As if to let us know at the outset that this Max is different, Miller opens Thunderdome with the former Road Warrior (Mel Gibson) driving a vehicle hauled by camels. No longer fueled by "the precious juice" of gasoline, the former speed demon is now a desert wanderer—and in the very first scene of the film, he's knocked to the ground by an airplane pilot named Jedediah, who, in an ironic bit of casting is played by the same actor (Bruce Spence) as the Gyro Captain in Road Warrior. He's a better-equipped version with a faster vehicle and works with his son, Jedediah, Jr. (Adam Cockburn). Though the relationship is played for comic relief, the theme of cooperation between generations is central to the film. If the first two Mad Max films were about predators picking over the carcass of a dying society, Thunderdome is about those trying to rebuild it after annihilation. In the course of his wanderings, Max encounters two very different examples. The first is Bartertown, which Max calls a "sleaze-pit". It's a parody of capitalism ruled by "Aunty" (Tina Turner, in an imposing chain-metal costume that weighed so much she could barely move). More of an extortion racket than a true economy, Bartertown succeeds because it offers itself as the only alternative to chaos. Aunty's simplistic "law" provides a basic peacekeeping mechanism by requiring disputes to be settled through gladiatorial combat in the arena known as Thunderdome. Her private army, headed by Ironbar (Angry Anderson), enforces her will. And she has one commodity that no one else can offer: electricity generated by methane gas from a vast underground pig farm overseen by a technologically adept little person named Master (Angelo Rossitto). But Aunty's control of Bartertown is threatened by Master, who has his own one-man private army in the person of Blaster (Paul Larsson), a helmeted giant of enormous strength who obeys Master's every command. In a secret deal, Aunty hires Max—jokingly referred to by the master of ceremonies, Dr. Dealgood (Edwin Hodgeman) as "The Man with No Name"—to kill Blaster in a Thunderdome confrontation. The result is one of the film's most original and best-known sequences, in large part because it's unlike anything from the first two installments. Thunderdome shifts gears radically in its middle portion, when Max chances upon a second and entirely different example of reconstituted society in a hidden oasis in the barren wasteland. This one consists entirely of children, survivors of a crashed airliner that was fleeing what the kids refer to as the "Pocky-clypse". The plane's captain, Walker, and the surviving adults eventually set off in search of other survivors but never returned. Left to their own devices, the children, led by the eldest, Savannah Nix (Helen Buday) and Slake (Tom Jennings), have created their own social order, language and history out of fragments of memory and random objects that survived the crash. They await the return of Captain Walker, who they believe will save them, like a messiah, by leading them to "Tomorrow-morrow Land"—and they mistake Max for Captain Walker. The inspiration that children are able to give Max should be familiar to anyone who remembers the Feral Kid from Road Warrior. But the exhausted wanderer of Thunderdome does everything he can to resist the savior's role that these children are so eager for him to assume. When he refused Pappagallo's invitation to join in the fight against the Humungus, Max still believed he could live on his own forever, cruising the wasteland behind the wheel. Now, he's just weary. He's seen what's out there and believes the children are already in the best place for them. Only when a rebellious group led by Savannah slips away in secret to search for Tomorrow-morrow Land does Max find himself forced into action. His rescue mission inevitably leads him back to Bartertown and his old enemy, Aunty. Miller has been criticized for ending Thunderdome with a chase sequence, as if the conclusion were tacked on solely to satisfy the expectations of Mad Max fans. In fact, the elaborate escape in the train engine that powers Bartertown's Underworld is an essential part of the story. Aunty and her operatives have gone to great lengths to present their new city as a paragon of civilization, but when their power source is threatened, they reveal their true nature. As they climb into vehicles and roar across the desert, they become indistinguishable from the forces of the Humungus, and although the train sequence isn't as long as the tanker chase in Road Warrior, it contains many visual reminders of that operatic demolition derby, with chief henchman Ironbar performing actions that mimic the Humungus' top warrior, Wez. With a few differences, Max ends up in much the same place as he did in Road Warrior: bidding adieu to the founders of a new society who will always remember him. He glimpses the promised land, but never reaches it.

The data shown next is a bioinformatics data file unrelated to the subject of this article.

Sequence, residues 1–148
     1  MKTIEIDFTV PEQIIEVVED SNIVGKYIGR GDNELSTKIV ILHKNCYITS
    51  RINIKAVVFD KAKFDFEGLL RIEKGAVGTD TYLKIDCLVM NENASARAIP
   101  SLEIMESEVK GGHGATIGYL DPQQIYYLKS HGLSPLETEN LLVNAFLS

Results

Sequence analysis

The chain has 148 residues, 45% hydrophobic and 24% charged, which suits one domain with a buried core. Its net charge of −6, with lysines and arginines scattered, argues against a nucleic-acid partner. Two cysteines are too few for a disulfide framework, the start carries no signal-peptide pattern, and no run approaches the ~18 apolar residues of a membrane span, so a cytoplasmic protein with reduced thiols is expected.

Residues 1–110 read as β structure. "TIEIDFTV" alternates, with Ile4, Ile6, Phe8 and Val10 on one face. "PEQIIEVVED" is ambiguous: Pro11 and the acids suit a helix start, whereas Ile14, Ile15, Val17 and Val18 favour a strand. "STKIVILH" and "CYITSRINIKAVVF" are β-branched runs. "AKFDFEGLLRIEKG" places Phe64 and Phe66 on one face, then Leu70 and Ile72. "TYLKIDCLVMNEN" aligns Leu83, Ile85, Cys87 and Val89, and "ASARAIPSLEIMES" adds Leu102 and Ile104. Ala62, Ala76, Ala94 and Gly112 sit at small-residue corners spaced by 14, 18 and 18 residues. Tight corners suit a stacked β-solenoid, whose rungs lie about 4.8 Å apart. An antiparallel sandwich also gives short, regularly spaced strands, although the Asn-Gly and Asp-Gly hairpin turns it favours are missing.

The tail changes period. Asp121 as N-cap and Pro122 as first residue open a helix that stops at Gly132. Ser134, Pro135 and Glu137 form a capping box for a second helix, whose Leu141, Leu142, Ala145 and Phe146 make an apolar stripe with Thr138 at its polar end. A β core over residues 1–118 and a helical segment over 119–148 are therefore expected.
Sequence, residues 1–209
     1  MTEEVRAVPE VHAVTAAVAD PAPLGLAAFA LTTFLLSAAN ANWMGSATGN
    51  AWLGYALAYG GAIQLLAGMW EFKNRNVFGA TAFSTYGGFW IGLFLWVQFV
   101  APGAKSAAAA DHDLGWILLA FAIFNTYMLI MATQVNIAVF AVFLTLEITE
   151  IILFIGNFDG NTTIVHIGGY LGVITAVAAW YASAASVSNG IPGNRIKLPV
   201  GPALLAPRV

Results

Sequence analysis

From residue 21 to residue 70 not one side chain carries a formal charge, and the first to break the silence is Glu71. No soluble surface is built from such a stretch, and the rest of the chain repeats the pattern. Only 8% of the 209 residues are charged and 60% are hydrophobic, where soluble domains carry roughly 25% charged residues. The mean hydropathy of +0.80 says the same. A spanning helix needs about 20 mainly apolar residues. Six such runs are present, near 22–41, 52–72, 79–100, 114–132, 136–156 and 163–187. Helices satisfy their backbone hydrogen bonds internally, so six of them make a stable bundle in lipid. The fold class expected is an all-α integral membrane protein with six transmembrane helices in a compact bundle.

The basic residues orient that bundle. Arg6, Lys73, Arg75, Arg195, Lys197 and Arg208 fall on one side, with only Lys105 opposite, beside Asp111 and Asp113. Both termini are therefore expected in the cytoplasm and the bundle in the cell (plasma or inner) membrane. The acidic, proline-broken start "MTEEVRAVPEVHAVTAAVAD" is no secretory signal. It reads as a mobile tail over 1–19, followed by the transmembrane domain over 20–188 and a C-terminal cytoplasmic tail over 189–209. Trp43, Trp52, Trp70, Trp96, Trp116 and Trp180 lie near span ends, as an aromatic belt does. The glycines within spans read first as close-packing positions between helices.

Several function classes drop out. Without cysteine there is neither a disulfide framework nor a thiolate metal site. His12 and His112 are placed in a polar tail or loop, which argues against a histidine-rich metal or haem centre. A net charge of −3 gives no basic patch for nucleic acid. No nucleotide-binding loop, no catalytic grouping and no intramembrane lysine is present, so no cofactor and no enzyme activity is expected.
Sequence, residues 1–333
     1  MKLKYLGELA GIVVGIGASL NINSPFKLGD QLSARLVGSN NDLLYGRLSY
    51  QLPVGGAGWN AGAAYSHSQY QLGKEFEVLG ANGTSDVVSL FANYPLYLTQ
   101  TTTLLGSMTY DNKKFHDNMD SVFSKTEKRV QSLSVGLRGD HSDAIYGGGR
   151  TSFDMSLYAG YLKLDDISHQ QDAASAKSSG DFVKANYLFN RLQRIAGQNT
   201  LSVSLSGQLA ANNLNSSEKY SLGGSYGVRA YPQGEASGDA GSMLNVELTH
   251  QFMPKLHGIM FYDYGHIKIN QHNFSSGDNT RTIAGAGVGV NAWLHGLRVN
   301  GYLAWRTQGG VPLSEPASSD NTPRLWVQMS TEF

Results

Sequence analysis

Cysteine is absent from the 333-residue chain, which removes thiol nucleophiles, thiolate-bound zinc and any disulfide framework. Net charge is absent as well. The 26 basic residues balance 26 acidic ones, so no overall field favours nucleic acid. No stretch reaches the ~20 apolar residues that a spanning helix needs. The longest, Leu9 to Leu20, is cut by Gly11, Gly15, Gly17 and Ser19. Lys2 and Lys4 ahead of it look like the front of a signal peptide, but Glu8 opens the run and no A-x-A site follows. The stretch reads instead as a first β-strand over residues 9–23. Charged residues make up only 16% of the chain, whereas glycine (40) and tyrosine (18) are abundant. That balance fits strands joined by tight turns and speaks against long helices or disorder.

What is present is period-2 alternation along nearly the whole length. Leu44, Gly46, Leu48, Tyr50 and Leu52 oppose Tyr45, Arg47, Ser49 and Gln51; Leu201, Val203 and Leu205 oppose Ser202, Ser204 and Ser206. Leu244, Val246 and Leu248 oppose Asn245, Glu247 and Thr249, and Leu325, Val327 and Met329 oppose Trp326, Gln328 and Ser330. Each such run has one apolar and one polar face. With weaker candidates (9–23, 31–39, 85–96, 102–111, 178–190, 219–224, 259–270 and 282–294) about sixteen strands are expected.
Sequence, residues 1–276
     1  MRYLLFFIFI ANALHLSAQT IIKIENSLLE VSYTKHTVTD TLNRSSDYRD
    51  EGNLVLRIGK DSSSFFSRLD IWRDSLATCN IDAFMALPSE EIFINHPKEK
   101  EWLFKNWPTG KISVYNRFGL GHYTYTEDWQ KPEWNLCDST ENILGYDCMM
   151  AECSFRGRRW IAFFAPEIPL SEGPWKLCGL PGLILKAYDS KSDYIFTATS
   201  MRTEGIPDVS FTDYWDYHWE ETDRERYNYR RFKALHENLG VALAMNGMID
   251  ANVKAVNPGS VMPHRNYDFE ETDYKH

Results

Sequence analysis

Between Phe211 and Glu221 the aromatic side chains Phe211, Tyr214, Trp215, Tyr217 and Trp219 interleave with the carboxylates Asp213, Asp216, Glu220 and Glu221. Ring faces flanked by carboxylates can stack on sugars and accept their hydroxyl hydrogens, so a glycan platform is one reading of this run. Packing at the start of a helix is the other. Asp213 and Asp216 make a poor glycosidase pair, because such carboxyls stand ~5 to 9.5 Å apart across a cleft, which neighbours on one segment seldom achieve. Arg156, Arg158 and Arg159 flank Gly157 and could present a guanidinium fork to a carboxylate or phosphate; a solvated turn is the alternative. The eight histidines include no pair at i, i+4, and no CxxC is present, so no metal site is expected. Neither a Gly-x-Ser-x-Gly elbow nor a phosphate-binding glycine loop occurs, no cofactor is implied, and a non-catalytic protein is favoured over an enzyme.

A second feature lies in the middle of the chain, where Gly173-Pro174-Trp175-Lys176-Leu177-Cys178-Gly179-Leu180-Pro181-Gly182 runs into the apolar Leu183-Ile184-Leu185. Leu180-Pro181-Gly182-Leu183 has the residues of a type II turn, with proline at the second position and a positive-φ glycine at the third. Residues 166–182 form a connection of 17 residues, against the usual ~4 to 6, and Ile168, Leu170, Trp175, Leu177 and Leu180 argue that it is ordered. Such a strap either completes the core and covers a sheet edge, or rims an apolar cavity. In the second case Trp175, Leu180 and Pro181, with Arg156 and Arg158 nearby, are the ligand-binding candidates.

Mad Max Beyond Thunderdome Blu-ray, Video Quality